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factory, but were it material, the Court would require much stronger proof on the part of the United States than has been given, that she arrived without guns. The superficial inspection made by Norwood, proves only that they were not mounted. They may have been in the hold, and yet it might be very difficult for the master after the dispersion of his crew to prove the fact. In this state of things the captain's claim, where there is no contradictory evidence whatever, deserves some attention. In a doubtful case it must ever be the disposition of a Court, if a leaning in any case be justifiable, to lean against a forfeiture, and to decide questions of fact accordingly. Such then being the state of the testimony respecting this fact, the Court thinks it a duty to believe that when the brig arrived she had on board six guns and an arm chest. Whether she took out the same or others of equal size, is not material. There is no evidence of any deception having been practised at the custom-house on this subject, either as to the number or size of the guns, other than what may be inferred from what is said to be contrary to its usage in such cases. Whatever this usage may have been, it is certain that it was not invariable, for in this very case there was a departure from it, according to the relation of one of the witnesses on the part of the United States.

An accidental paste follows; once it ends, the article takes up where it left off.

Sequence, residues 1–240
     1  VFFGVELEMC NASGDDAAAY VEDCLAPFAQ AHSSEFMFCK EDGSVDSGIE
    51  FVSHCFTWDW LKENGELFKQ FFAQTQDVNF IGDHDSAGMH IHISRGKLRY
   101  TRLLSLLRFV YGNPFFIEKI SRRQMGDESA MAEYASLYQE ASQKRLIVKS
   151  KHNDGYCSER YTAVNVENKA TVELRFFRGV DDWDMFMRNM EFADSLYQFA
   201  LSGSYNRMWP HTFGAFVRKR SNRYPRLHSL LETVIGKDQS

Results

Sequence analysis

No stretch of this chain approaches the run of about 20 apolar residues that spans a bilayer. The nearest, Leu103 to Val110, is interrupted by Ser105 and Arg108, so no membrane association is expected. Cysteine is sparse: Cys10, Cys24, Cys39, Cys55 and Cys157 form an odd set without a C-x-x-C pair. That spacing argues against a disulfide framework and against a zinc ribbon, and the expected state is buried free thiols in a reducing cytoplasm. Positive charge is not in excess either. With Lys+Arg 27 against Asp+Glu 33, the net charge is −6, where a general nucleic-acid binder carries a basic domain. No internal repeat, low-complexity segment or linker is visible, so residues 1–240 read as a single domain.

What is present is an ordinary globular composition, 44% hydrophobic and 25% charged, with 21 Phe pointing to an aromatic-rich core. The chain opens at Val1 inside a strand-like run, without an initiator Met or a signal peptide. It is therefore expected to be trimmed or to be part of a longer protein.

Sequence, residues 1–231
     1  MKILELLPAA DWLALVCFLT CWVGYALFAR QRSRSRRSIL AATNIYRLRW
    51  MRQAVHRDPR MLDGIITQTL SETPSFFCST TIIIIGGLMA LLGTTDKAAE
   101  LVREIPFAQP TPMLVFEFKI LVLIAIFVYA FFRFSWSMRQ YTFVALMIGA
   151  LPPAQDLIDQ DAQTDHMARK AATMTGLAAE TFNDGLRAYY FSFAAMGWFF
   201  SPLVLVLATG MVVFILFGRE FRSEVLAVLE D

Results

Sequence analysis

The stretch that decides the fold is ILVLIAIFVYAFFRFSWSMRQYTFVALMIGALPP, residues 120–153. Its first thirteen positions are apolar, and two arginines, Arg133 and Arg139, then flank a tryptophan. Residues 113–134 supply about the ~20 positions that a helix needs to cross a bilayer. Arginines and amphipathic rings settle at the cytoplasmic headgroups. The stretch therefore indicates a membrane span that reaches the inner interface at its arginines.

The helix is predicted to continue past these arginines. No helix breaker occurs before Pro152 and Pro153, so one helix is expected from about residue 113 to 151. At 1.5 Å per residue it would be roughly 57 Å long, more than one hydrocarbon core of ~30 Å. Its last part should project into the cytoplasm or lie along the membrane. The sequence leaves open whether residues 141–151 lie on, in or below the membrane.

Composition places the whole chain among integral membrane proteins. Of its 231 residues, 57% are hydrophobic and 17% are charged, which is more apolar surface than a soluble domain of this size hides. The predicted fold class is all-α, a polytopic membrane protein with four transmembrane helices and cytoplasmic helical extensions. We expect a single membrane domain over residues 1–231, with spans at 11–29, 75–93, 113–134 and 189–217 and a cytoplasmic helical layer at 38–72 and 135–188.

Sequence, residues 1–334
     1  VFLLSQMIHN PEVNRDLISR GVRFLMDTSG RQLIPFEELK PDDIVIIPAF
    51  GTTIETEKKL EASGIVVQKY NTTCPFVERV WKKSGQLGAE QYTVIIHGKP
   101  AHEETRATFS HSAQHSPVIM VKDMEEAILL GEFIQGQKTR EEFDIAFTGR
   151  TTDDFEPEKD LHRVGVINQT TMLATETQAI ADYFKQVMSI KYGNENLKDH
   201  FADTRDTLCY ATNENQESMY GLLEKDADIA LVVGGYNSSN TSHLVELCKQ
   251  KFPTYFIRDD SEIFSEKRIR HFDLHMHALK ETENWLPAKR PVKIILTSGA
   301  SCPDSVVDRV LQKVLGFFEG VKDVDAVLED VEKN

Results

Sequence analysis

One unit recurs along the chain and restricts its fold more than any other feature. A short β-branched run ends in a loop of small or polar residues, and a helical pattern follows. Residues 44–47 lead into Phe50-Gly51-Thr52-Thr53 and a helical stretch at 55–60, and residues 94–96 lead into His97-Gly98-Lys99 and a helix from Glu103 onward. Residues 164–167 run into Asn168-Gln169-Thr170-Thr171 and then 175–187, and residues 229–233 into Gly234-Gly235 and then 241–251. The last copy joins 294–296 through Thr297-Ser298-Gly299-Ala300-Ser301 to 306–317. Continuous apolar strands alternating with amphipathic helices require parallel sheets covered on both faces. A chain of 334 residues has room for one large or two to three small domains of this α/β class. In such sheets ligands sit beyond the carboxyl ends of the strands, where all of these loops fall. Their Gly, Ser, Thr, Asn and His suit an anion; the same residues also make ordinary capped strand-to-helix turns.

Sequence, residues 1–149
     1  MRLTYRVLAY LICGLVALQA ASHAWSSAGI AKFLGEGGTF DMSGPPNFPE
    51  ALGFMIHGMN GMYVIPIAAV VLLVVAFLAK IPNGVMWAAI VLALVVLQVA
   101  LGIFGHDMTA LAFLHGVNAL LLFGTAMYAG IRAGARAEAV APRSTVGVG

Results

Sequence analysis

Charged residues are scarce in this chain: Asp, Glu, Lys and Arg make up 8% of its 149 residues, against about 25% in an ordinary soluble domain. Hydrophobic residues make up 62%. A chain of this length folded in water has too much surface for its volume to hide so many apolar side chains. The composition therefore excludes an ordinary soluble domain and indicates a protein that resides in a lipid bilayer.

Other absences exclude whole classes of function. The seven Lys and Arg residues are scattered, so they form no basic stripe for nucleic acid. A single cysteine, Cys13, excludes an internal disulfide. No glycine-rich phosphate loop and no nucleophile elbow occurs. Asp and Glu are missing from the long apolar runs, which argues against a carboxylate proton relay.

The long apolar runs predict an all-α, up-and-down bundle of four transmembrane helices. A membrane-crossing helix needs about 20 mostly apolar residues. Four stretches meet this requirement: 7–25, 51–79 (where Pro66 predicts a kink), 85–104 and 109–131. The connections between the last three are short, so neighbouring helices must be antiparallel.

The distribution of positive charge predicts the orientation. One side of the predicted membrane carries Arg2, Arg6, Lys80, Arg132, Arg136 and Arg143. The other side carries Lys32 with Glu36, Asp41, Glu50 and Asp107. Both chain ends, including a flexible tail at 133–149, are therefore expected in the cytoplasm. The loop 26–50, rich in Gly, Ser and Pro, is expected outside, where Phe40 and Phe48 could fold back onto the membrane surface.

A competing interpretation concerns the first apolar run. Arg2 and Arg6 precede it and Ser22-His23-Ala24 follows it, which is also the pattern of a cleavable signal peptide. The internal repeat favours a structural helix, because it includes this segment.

The collector should have required further proof at the time, if he thought it necessary, that this vessel was entitled to take out guns. Not having done so, the Court will not easily lend its ear to suggestions of fraud and imposition, especially when so feebly supported as in this case, and where they are deduced rather from reference to a general usage of the custom-house than from any positive proof of undue practice or misrepresentation. It will have already been perceived that the Court does not consider the taking of the guns, arm chest, or cannon ball on board under these circumstances, a cause of confiscation,